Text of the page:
Alfuzosin Hydrochloride 2.5mg Tablets
Each tablet contains 2.5mg alfuzosin hydrochloride.
Excipients with known effect: Each tablet contains 61 mg lactose anhydrous.
For a full list of excipients, see section 6.1.
White round, film coated tablet for oral administration marked Xatral 2.5 on one side.
Treatment of the functional symptoms of benign prostatic hypertrophy.
Alfuzosin hydrochloride 2.5mg tablets should be swallowed whole. The first dose should be given just before bedtime.
The usual dose is one tablet three times daily. The dose may be increased to a maximum of 4 tablets (10mg) per day depending on the clinical response.
Elderly and treated hypertensive patients
As a routine precaution when prescribing alfuzosin to elderly patients (aged over 65 years) and the treated hypertensive patient, the initial dose should be 1 tablet in the morning and 1 tablet in the evening.
In patients with renal insufficiency, as a precaution, it is recommended that the dosing be started at alfuzosin hydrochloride 2.5mg tablets twice daily adjusted according to clinical response.
In patients with mild to moderate hepatic insufficiency, it is recommended that therapy should commence with a single dose of alfuzosin hydrochloride 2.5mg tablets/day to be increased to alfuzosin hydrochloride 2.5mg Tablets twice daily according to clinical response.
Efficacy of alfuzosin has not been demonstrated in children aged 2 to 16 years (see section 5.1). Therefore, alfuzosin is not indicated for use in the paediatric population.
• Hypersensitivity to the active substance or to any of the excipients (see section 6.1 List of excipients).
• History of orthostatic hypotension.
• Combination with other alpha-1 receptor blockers.
• Severe hepatic insufficiency.
The 'Intraoperative Floppy Iris Syndrome' (IFIS, a variant of small pupil syndrome) has been observed during cataract surgery in some patients on or previously treated with alpha1-blockers.Although the risk of this event with alfuzosin appears very low, ophthalmic surgeons should be informed in advance of cataract surgery of current or part use of alpha-1-blockers, as IFIS may lead to increased procedural complications. The ophthalmologists should be prepared for possible modifications to their surgical technique.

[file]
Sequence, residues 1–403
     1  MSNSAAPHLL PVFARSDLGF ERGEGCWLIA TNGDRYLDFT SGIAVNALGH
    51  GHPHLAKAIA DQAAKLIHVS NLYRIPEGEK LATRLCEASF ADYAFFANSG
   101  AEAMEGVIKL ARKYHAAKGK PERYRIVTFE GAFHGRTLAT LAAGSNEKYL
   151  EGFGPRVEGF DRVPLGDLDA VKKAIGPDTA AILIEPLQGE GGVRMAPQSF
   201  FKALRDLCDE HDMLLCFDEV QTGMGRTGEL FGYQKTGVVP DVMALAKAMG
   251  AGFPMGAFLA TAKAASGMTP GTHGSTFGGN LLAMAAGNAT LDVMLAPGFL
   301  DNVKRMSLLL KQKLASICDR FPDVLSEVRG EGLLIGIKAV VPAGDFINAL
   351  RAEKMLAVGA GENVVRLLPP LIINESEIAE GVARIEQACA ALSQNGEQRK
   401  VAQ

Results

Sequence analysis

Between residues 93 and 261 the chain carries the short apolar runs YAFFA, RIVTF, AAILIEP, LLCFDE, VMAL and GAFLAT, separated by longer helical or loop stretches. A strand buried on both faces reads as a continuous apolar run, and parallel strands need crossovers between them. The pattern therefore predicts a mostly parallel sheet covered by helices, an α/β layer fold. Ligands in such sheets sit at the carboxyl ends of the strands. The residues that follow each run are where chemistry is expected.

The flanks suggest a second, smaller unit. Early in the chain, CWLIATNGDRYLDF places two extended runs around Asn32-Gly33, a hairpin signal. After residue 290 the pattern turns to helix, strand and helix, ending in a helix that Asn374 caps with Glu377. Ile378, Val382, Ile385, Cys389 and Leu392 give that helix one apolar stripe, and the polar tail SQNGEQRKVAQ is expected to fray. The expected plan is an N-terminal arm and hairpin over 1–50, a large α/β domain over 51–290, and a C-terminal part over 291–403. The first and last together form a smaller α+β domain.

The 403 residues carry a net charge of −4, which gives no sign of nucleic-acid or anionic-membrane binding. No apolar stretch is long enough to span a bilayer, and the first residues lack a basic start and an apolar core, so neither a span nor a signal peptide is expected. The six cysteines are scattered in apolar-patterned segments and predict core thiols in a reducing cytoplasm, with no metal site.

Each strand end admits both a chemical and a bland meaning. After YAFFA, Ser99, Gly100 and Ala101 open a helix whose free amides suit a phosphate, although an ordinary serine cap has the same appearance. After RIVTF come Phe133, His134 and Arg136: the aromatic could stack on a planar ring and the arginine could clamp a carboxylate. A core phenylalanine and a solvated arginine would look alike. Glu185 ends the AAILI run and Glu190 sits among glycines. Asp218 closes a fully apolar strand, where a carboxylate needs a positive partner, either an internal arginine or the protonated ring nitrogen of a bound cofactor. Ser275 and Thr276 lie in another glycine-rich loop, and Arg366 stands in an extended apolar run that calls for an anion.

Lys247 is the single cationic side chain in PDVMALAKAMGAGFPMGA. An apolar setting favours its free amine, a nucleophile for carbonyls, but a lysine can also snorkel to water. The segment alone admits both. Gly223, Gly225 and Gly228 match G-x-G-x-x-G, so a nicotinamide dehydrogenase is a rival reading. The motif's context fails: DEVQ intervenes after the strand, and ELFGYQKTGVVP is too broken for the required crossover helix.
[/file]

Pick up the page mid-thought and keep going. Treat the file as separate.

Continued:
As with all alpha-1 blockers, in some subjects, in particular patients receiving antihypertensive medications or nitrates, postural hypotension with or without symptoms (dizziness, fatigue, sweating) may develop within a few hours following administration. In such cases, the patient should lie down until the symptoms have completely disappeared. These effects are transient, occur at the beginning of treatment and do not usually prevent the continuation of treatment.
Pronounced drop in blood pressure has been reported in post-marketing surveillance in patients with pre-existing risk factors (such as underlying cardiac diseases and/or concomitant treatment with anti-hypertensive medication, see section 4.8). The risk of developing hypotension and related adverse reactions may be greater in elderly patients. The patient should be warned of the possible occurrence of such events.
As with all alpha1-receptor blockers, alfuzosin should be used with caution in patients with acute cardiac failure.
Patients with congenital QTc prolongation, with a known history of acquired QTc prolongation or who are taking drugs known to increase the QTc interval should be evaluated before and during the administration of alfuzosin.
Concomitant use of alfuzosin and potent CYP3A4 inhibitors (such as itraconazole, ketoconazole, protease inhibitors, clarithromycin, telithromycin and nefazodone) should be avoided (see section 4.5). Alfuzosin should not be used concomitantly with CYP3A4 inhibitors that are known to increase the QTc interval (e.g. itraconazole and clarithromycin) and a temporary interruption of alfuzosin treatment is recommended if treatment with such medicinal products is initiated.
There is a risk of cerebral ischemic disorders in patients with symptomatic or asymptomatic pre-existing cerebral circulatory disturbances, due to the fact that hypotension may develop following alfuzosin administration.
Prolonged erections and priapism have been reported with alpha-1 blockers including alfuzosin in post marketing experience. If priapism is not treated immediately, it could result in penile tissue damage and permanent loss of potency, therefore the patient should seek immediate medical assistance (see section 4.8).